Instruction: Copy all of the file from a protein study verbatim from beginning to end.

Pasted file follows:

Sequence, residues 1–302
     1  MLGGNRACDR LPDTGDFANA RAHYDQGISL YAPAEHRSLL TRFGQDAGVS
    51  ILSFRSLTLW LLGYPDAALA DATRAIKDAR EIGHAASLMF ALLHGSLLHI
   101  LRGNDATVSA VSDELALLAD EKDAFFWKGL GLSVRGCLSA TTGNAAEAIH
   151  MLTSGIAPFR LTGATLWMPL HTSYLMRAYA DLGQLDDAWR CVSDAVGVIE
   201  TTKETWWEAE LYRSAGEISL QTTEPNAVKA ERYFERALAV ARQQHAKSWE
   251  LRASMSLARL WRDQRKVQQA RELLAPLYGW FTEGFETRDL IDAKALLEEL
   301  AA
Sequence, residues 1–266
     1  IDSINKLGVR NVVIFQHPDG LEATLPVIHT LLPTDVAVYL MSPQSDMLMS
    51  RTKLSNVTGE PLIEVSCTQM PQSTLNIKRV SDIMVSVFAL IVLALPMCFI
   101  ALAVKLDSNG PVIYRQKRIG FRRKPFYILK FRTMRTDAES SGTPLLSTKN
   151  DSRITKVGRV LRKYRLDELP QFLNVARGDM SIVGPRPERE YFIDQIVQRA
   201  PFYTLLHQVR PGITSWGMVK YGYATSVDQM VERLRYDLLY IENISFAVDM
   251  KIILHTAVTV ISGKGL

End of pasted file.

Sequence, residues 1–302
     1  MLGGNRACDR LPDTGDFANA RAHYDQGISL YAPAEHRSLL TRFGQDAGVS
    51  ILSFRSLTLW LLGYPDAALA DATRAIKDAR EIGHAASLMF ALLHGSLLHI
   101  LRGNDATVSA VSDELALLAD EKDAFFWKGL GLSVRGCLSA TTGNAAEAIH
   151  MLTSGIAPFR LTGATLWMPL HTSYLMRAYA DLGQLDDAWR CVSDAVGVIE
   201  TTKETWWEAE LYRSAGEISL QTTEPNAVKA ERYFERALAV ARQQHAKSWE
   251  LRASMSLARL WRDQRKVQQA RELLAPLYGW FTEGFETRDL IDAKALLEEL
   301  AA
Sequence, residues 1–266
     1  IDSINKLGVR NVVIFQHPDG LEATLPVIHT LLPTDVAVYL MSPQSDMLMS
    51  RTKLSNVTGE PLIEVSCTQM PQSTLNIKRV SDIMVSVFAL IVLALPMCFI
   101  ALAVKLDSNG PVIYRQKRIG FRRKPFYILK FRTMRTDAES SGTPLLSTKN
   151  DSRITKVGRV LRKYRLDELP QFLNVARGDM SIVGPRPERE YFIDQIVQRA
   201  PFYTLLHQVR PGITSWGMVK YGYATSVDQM VERLRYDLLY IENISFAVDM
   251  KIILHTAVTV ISGKGL